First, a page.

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A lot is happening in this function so let's break it down:

  1. First, we assign the current head node to a variable called tail.
  2. Next, we instantiate a new node and add it to a new variable called tailNode.
  3. Next, check if the head node isn't null. If it is, we just set tailNode as the head node. This means there is just one node in the linked list. If not, we'll iterate through the linked list by getting the next Node of each Node in the linked list and check if it is null.
  4. If the next node is not null, we assign it to the tail variable and then check again with the new tail value. Note that we have moved to the next element (node) in the linked list.
  5. If the next node of the current ‘head’ node we're checking with is null, it means we've gotten to the end of the list and then we set the next node equal to tailNode.

Removing the Head of the Linked List

So far, we've learned how to:

  • create a new LinkedList with its constructor function
  • add a head node to the linked list using .addToHead()
  • add a tail node to the linked list using .addToTail()

Now we're going to learn how to remove the head node in the linked list. We will first check if the list has a head node. If it doesn't, it means the linked list is empty. However, If there is a head node, we’ll get it’s next node and set the next node as the new head node of the linked list. Lastly, we’ll return that original head. See the implementation below:

const Node = require('./Node');

class LinkedList {
  ...
  removeHead() {
    const removedHead = this.head;
    if (!removedHead) return;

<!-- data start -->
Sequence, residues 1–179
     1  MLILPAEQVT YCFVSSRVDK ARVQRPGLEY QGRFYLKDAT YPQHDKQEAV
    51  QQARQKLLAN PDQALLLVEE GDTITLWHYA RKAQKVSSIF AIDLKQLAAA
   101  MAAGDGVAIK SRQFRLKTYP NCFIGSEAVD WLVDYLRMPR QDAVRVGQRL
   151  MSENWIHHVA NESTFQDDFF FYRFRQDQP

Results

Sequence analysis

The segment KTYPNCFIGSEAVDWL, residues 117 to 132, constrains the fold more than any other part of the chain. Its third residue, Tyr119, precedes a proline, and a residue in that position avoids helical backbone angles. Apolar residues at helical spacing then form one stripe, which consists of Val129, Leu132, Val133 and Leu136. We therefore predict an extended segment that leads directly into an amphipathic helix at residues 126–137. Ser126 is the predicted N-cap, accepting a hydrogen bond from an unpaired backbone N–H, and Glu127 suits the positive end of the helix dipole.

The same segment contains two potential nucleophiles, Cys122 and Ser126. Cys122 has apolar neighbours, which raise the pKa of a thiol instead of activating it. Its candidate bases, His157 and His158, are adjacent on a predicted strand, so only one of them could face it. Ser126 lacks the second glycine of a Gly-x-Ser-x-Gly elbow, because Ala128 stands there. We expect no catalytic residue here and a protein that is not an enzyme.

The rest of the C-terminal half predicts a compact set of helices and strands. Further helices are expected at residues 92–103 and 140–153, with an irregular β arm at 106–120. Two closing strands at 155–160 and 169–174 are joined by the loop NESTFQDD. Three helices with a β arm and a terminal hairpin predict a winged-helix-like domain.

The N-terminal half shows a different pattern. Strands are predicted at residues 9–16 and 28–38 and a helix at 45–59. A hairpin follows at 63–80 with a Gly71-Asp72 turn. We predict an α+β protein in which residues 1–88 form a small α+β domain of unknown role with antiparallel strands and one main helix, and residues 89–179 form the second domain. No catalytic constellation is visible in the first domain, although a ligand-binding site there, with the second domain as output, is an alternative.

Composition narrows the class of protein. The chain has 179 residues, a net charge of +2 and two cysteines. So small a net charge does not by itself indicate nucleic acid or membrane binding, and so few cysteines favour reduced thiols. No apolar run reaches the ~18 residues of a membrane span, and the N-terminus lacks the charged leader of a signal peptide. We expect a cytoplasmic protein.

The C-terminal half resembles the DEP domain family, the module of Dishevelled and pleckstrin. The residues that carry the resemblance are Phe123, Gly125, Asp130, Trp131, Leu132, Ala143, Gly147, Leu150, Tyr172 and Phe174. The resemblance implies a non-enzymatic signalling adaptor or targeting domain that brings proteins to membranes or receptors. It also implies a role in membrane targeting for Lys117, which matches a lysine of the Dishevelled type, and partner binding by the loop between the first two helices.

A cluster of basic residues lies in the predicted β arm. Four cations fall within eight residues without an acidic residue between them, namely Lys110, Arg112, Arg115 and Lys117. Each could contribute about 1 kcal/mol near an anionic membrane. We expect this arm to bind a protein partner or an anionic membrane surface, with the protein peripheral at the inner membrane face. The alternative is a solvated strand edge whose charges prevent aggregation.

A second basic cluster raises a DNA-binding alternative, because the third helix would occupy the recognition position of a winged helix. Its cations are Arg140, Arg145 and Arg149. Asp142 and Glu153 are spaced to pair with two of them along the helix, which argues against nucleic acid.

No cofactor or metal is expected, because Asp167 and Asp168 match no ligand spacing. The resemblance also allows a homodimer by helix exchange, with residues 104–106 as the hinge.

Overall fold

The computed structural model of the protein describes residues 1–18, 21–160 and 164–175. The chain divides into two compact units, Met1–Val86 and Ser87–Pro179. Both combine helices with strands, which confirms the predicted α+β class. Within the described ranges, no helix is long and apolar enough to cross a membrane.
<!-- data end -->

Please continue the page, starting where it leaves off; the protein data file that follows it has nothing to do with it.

this.head = removedHead.getNextNode();
    return removedHead.data;
  }
}

module.exports = LinkedList;
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Printing the elements in the linked list

Now that we have a handful of helpful methods in our LinkedList class to help us manipulate data, we will be defining one last method called printList to print out the elements in our linked list.

This method uses a while loop to iterate through our linked list, appends each node's data property into a string, and then logs it to the console. We keep track of the head node and ensure it isn't null. If it is null, we've reached the end of the linked list, and then the iteration stops. See the implementation below:

const Node = require('./Node');

class LinkedList {
  ...
  printList() {
    let currentNode = this.head;
    let output = '<head> ';

    while (currentNode !== null) {
      output += currentNode.data + ' '
      currentNode = currentNode.getNextNode();
    }

    output += '<tail>';
    console.log(output);
  }
}

module.exports = LinkedList;
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Using the Linked List

To test all we've been working on, we would create a new file in our project folder called index.js and then paste the following code into it:

const LinkedList = require('./LinkedList');

const dogBreeds = new LinkedList();

dogBreeds.addToHead('Bulldog');
dogBreeds.addToHead('German Shepard');

dogBreeds.addToTail('Poodle');
dogBreeds.addToTail('Boxer');

dogBreeds.removeHead();

dogBreeds.printList();